The college sports concept of the “buy game” is easy enough to understand, but hard to justify in any way that doesn't make college sports look stupid. It is pretty simple in its particulars: A smaller college signs up to play a road game against a powerhouse team looking to pad its record. That smaller school generally loses by double digits, but they also get a fat check from the big school to help fund their sports department. “It’s just part of the economics of Division I basketball,” Purdue men’s basketball DOBO Elliot Bloom told Extra Points last year. “So high-majors are going to have packed arenas and that are going to generate money and on the other end of the spectrum, you've got teams that are going to go kind of help fund their program and their athletic department by playing those games.” There’s really only one nice reason for these games: I have been told by buy-game losers that it was fun to get the experience of playing in a big school’s gym, even after losing by 30.
Sometimes it doesn’t go as planned, though. Last night was one of the biggest buy games of the season in men’s college basketball. Iowa came into its home game 8-3, with the losses coming to TCU, Duke, and Wisconsin (the last one in OT). All three of those teams are currently ranked in the AP's Top 20; there's nothing embarrassing about any of those losses. The Hawkeyes, for their part, were ranked 21st in Kenpom going into the game. Their opponent, the Eastern Illinois Panthers, were ranked 356th out of 363 Division I teams in the same ranking system. They were 3-9, and their only D-I win came over IUPUI; their other wins were over Saint Mary-of-the-Woods College (an NAIA school) and Blackburn College (a Division III school that Wikipedia informs me has two mascots, Barney the Beaver and Buzz the Athletic Beaver). Iowa was a 31.5-point favorite, and that number didn't seem excessive.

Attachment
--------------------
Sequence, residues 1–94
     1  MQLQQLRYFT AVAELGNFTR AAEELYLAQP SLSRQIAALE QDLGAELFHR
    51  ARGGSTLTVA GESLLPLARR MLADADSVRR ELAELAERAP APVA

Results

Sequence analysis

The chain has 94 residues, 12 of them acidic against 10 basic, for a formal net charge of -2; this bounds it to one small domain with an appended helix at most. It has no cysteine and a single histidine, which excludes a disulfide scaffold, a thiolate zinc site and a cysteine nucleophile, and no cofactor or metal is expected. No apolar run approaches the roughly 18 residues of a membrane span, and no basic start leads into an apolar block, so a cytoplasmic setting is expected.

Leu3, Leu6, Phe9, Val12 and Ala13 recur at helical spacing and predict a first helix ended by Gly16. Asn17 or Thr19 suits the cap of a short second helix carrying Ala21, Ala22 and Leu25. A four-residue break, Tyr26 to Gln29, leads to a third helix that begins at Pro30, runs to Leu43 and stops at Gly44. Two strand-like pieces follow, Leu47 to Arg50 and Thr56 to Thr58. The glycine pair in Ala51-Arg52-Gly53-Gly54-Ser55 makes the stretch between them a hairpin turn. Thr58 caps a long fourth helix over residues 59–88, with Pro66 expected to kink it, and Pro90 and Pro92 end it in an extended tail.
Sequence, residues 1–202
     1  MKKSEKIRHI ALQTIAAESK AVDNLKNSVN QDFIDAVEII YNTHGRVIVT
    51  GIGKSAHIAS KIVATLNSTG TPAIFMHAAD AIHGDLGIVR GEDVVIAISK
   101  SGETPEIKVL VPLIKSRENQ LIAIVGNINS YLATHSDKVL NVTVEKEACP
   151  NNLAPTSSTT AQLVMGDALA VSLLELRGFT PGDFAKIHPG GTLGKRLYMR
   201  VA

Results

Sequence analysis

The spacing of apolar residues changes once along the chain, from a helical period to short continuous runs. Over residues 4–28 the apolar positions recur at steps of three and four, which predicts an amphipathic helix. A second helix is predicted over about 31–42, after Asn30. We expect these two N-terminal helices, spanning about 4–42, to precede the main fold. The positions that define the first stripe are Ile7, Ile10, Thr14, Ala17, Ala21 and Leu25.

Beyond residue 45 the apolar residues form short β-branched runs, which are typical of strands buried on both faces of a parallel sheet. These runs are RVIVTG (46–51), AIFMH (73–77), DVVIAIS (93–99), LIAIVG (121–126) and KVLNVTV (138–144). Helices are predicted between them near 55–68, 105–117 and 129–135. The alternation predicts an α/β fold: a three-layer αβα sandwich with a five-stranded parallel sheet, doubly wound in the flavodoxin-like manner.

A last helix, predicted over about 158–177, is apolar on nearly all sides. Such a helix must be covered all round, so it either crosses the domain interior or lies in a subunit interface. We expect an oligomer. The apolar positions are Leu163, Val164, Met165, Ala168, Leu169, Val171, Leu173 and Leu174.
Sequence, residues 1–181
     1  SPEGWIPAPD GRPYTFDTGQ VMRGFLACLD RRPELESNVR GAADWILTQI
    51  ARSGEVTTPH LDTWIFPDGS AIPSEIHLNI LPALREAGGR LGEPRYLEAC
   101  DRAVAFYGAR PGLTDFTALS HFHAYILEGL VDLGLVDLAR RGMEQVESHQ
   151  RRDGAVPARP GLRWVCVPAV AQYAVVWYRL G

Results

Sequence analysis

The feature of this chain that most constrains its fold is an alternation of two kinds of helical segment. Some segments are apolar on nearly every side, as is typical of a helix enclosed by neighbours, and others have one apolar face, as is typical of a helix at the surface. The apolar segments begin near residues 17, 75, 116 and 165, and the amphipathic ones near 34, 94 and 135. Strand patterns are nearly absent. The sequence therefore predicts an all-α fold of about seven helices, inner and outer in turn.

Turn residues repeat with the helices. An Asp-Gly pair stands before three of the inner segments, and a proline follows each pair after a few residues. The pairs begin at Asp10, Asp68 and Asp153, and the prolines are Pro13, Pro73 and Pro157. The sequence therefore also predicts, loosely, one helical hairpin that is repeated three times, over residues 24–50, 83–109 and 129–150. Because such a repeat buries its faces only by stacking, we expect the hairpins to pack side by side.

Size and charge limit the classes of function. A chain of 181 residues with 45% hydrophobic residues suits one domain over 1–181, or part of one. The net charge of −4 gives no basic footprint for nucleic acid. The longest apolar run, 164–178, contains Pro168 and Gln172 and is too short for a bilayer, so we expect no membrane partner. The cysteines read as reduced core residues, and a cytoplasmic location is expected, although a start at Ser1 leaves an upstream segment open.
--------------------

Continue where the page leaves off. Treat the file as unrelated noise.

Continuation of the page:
This isn’t Hawkeyewitness News, so you know what happened: Eastern Illinois beat Iowa, 92-83. This is a massive upset, the biggest by spread this millennium. Wofford’s upset over defending champ North Carolina in December 2017? The Terriers were only a 25.5-point underdog in that one. What makes it even more amazing is Iowa opened the game on an 18-4 run. Everything was playing out very much as expected, and while that whopping spread seemed faintly in peril by halftime, the Hawkeyes still led by eight, 45-37. From there, the Panthers scored 55 points in the second half to win this one going away. It was just the fourth time Eastern Illinois has beaten a power-conference team.
Eastern Illinois hit 20 of its final 26 shots, per Chad Leistikow’s recap in the Des Moines Register. Iowa was missing two of its bigger guns, Kris Murray and Connor McCaffery, but this was still an incredibly bad loss. It was so bad that Iowa players actually admitted postgame that they did not take Eastern Illinois seriously enough.
"We didn’t respect them. Every opponent that comes in here, no matter what division … you respect them,” Filip Rebraca said. “Every time you respect a player that means giving your all to play against them. And I just don’t think we did that.” Rebraca, the son of former NBA guy Zeljko Rebraca, did lead all scorers with 24 points. Maybe he’s being a little hard on himself. Then again, the Hawkeyes did just lose to a team that lost to Illinois by 30 and Ohio State by 22. Eastern Illinois hadn’t scored more than 70 points in a game against a Division I school before dropping 92 last night. Iowa simply couldn’t keep up with the 356th-ranked team in Division I, at home. “We got pretty decent shots, I thought,” Hawkeyes coach Fran McCaffery said. “Didn’t make any of them.”
Fans weren’t happy.
The attendance shows that 10,553 fans saw Iowa lose its buy game—well, 10,552 after that guy got kicked out. At least he didn’t have to see the end.